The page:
Justia U.S. 4th Circuit Court of Appeals Opinion Summaries

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Defendant appealed his 84-month sentence for distribution of child pornography. He argued that the district court procedurally erred when it applied two enhancements which increased the suggested sentencing range under the Sentencing Guidelines. The Fourth Circuit reversed the district court’s application of that enhancement, vacated Defendant’s sentence, and remanded for resentencing.   The five-level exchange-for-value enhancement under Section 2G2.2(b)(3)(B) of the Sentencing Guidelines. In applying this enhancement over Defendant’s objection, the district court looked to the Fourth Circuit’s 2013 decision in United States v. McManus, 734 F.3d 315. Defendant argued that this was an error because McManus does not provide the proper test for defendants, like him, who were sentenced after a 2016 amendment to the Guidelines took effect.   The Fourth Circuit held that the district court procedurally erred when it applied two enhancements that increased the suggested sentencing range under the Sentencing Guidelines. Specifically, one of those enhancements is a five-level increase under Section 2G2.2(b)(3)(B) of the Guidelines. The court reasoned that the 2016 Guidelines amendment abrogated its holding in McManus for defendants sentenced after the effective date of the 2016 Guidelines. In light of the new standard imposed by the 2016 Guidelines, the district court’s application of the enhancement was an error, and that error was not harmless. View "US v. Jonathan Morehouse" on Justia Law

Posted in: Criminal Law
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White Coat Waste Project (“WCW”) tried to run an advertisement denouncing animal experimentation with the Greater Richmond Transit Company (“Richmond Transit”) the ad was denied for being impermissibly “political.” WCW sued, challenging that denial as a violation of its First Amendment rights. Richmond Transit responded that, as a private company, it is not bound by the First Amendment, and even if it were, its policy passes constitutional muster because it only restrains speech in a nonpublic forum.   The district court disagreed on both counts, concluding that Richmond Transit is a state actor subject to constitutional constraints and that its policy violates the First Amendment right to free speech. But the district court granted WCW only partial summary judgment, holding that it could not provide the facial relief WCW sought because public-transit political-advertising bans can sometimes accord with the Constitution.   The Fourth Circuit concluded that the district court correctly identified Richmond Transit as a state actor and held that Richmond Transit’s policy is not “capable of reasoned application” and is therefore unconstitutionally unreasonable. Further, the court held that the district court erred in denying facial relief. Even if another public-transit political-advertising ban may be constitutional, this ban is incapable of reasoned, constitutional application in all circumstances. Thus, it is facially unconstitutional and warrants facial relief. View "White Coat Waste Project v. Greater Richmond Transit Co." on Justia Law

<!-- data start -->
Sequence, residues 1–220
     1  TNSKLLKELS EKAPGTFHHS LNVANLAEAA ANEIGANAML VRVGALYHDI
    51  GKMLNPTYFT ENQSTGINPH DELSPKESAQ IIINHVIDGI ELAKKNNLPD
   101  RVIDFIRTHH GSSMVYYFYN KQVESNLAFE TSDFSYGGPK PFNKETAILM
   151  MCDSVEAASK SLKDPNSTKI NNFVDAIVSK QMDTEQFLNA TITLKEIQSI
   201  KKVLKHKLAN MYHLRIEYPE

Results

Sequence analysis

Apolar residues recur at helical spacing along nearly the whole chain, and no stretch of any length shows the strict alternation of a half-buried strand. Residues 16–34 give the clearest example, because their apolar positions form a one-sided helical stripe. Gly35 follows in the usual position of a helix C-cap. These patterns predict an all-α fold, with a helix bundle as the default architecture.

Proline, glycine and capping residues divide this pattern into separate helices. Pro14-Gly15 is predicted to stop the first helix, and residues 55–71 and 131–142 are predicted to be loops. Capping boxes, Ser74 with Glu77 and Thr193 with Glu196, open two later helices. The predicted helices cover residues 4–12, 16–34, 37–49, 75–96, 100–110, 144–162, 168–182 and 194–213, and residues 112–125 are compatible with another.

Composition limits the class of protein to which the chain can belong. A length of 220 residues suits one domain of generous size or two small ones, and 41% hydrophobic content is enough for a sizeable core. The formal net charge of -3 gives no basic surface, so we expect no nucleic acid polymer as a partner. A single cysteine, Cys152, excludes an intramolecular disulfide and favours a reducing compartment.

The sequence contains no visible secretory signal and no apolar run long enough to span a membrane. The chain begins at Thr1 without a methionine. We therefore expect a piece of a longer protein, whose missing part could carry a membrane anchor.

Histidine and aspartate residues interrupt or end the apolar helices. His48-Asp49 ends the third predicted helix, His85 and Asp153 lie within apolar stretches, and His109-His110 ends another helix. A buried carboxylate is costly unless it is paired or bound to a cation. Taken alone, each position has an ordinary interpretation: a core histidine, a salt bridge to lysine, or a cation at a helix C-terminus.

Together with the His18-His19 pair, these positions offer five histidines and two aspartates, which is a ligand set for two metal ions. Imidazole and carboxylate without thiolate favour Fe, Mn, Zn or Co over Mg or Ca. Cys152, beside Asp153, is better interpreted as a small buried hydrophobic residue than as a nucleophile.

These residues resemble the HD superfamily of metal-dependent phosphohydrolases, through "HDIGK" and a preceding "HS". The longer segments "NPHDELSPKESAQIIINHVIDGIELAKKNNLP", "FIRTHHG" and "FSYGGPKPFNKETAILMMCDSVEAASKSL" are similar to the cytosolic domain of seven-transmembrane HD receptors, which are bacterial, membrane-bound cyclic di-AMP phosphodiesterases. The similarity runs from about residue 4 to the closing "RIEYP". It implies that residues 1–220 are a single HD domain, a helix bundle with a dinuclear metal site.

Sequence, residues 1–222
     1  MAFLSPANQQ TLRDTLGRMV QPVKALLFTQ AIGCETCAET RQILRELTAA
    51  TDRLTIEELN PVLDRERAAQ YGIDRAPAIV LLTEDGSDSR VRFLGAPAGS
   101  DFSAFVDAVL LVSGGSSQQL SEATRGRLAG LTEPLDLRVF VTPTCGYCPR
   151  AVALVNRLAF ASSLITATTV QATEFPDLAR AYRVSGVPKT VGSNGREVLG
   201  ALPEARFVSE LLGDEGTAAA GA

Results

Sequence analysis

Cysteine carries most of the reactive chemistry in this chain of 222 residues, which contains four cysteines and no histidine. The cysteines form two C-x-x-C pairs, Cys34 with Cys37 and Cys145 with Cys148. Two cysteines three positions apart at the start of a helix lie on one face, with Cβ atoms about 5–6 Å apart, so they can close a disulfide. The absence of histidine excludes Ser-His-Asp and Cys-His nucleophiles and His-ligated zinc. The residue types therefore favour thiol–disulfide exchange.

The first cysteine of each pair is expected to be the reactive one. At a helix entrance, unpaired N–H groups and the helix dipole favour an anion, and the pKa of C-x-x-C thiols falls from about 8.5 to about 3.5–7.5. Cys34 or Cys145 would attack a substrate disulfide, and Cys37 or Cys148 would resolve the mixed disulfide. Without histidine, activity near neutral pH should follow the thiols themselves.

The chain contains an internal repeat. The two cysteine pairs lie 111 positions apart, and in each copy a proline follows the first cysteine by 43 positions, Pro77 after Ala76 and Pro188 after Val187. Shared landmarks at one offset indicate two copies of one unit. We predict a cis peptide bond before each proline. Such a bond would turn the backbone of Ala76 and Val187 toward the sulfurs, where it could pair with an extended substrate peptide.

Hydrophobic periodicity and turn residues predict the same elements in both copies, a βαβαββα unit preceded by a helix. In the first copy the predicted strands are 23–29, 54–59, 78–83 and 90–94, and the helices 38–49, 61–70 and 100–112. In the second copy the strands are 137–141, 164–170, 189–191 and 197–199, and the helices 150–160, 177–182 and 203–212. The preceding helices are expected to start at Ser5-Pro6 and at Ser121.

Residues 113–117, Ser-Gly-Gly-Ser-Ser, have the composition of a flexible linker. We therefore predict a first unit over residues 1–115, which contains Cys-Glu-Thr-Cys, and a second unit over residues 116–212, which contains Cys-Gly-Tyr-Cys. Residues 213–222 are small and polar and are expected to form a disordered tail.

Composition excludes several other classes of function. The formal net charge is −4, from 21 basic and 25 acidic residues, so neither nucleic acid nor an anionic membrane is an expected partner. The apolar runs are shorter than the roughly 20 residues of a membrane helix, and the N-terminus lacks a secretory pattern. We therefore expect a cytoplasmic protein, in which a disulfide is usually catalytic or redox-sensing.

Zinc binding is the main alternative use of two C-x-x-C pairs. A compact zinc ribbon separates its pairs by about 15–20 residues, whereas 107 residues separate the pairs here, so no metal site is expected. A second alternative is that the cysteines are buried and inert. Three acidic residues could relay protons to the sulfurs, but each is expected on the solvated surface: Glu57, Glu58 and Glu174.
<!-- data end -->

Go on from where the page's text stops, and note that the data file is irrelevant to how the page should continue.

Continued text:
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8 U.S.C. Section 1226(a) permits the Attorney General to detain aliens pending their removal hearings. Under those procedures, an alien is given notice and three opportunities to seek release by showing they are neither a flight risk nor a danger to the community.   A district court determined that a class of aliens had a likelihood of establishing that those procedures violated the Due Process Clause of the Fifth Amendment. That court then issued a preliminary injunction ordering, on a class-wide basis, that to continue detaining an alien under Section 1226(a), the government must prove by clear and convincing evidence that an alien is either a flight risk or a danger to the community. The district court also required immigration judges to consider an alien’s ability to pay any bond imposed and consider alternatives to detention.   The Fourth Circuit vacated the district court’s preliminary injunction order and held that under Section 1252(f)(1), the district court lacked jurisdiction to issue class-wide injunctive relief that enjoined or restrained the process used to conduct Section 1226(a) bond hearings. Further, the detention procedures adopted for Section 1226(a) bond hearings provide sufficient process to satisfy constitutional requirements. The court concluded for that reason-the aliens are unable to establish a likelihood of success on their due process claims. Nor have they shown that they are likely to suffer irreparable harm in the absence of preliminary relief, that the balance of equities tips in their favor or that an injunction is in the public interest. View "Marvin Miranda v. Merrick Garland" on Justia Law